A vital part of any Social Security Disability Insurance (SSDI) claim is proving that an individual suffers from a condition which prevents them from working. An attorney in Alpharetta could help veterans better understand the legal concept of a disability and how to qualify under the Social Security Administration’s (SSA) definition. In the event of a denied SSDI claim, our team of disability representatives can help determine whether insufficient evidence contributed to a former servicemember’s rejection and gather the medical records necessary to prove their qualifications.
Proving that a veteran suffers from a disabling condition is an important part of any SSDI claim. According to the SSA, a disabled person is defined as someone who is unable to work a full time job due to one or more disabling condition. Certain diagnoses automatically meet the SSA’s definition of a qualifying disability, so it is advisable for former servicemembers to meet with a local advocate for the disabled before submitting an application for SSDI.
However, it is far more likely that a veteran’s condition does not fall under this umbrella. Regardless, the SSA may still approve a disabled vet if they are able to prove through medical evidence and testimony from others that their condition effectively prevents them from holding gainful employment. Otherwise, a former servicemember who cannot adequately prove that they meet the SSA’s definition of disabled will likely see their claim denied.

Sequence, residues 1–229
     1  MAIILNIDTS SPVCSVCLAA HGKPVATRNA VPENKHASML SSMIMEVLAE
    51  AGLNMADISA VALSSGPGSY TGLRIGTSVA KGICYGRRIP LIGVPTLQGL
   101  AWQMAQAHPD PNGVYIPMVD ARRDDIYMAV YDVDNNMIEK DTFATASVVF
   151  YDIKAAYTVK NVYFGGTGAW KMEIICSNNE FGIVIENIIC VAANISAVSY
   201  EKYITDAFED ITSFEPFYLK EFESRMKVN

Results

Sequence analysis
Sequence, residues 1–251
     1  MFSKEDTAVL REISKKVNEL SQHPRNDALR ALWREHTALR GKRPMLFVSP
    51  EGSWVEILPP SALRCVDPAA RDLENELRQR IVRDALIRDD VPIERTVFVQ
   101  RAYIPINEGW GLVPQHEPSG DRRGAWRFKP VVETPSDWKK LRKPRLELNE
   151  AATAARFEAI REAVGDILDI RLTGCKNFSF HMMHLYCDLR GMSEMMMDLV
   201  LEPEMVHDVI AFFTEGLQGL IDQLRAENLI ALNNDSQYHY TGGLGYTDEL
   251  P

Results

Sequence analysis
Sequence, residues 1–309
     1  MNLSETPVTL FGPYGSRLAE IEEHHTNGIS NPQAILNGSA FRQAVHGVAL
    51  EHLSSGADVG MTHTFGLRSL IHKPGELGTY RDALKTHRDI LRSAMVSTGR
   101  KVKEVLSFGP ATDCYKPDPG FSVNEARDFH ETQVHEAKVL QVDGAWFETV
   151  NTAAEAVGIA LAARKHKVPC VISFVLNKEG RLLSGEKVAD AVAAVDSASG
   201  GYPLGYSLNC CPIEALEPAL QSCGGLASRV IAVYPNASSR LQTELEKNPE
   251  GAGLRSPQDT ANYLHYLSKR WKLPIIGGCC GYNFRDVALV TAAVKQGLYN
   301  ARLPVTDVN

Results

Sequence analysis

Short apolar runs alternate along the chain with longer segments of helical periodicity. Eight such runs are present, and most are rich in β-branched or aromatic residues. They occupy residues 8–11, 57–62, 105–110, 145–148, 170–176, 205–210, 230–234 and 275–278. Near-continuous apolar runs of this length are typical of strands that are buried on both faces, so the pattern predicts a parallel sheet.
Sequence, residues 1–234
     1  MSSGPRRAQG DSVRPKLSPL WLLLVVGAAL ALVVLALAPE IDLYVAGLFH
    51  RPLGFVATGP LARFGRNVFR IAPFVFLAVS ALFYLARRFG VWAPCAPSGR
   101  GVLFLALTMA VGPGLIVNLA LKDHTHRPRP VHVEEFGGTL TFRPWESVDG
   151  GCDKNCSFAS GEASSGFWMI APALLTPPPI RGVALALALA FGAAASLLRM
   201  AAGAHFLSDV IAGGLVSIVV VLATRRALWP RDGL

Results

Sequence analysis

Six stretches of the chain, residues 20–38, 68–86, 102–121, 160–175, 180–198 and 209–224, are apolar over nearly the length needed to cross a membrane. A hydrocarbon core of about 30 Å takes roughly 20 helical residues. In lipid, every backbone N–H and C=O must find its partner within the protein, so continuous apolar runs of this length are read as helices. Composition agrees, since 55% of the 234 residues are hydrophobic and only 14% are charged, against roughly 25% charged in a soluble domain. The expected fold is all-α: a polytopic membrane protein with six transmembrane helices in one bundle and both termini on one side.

Because of the SSA’s strict definition of disability, it is essential to be meticulous in gathering medical evidence to proves your medical eligibility. In the event of an SSDI claim denial, the law gives veterans only 60 days to file a request for reconsideration with the SSA. To this end, one of our disability representatives in Alpharetta can contact doctors’ offices and obtain the medical records necessary to pursue a more effective appeal on a former servicemember’s behalf.
If a request for reconsideration results in a subsequent denial, a disabled vet will earn the right to request an administrative hearing. For many veterans, a hearing is their best opportunity to receive SSDI benefits. Only by presenting a judge with a complete medical record will it be possible to demonstrate that a former servicemember meets the SSA’s definition of disabled and therefore qualifies for SSDI benefits.
Former servicemembers in Alpharetta can only collect SSDI benefits if they suffer from a medical condition (mental, physical, or a combination of both) that prevents them from participating in substantially gainful activity. Veterans must also fulfill the SSA’s work credit requirements to receive SSDI payments.
Reaching out to an attorney in Alpharetta could help you better understand how to meet the SSA’s definition of disability in veterans’ SSDI claims. If you have received a denial on an application because the SSA doesn’t believe that you met this standard, one of our disability representatives can help you pursue an appeal to get your SSDI claim back on track.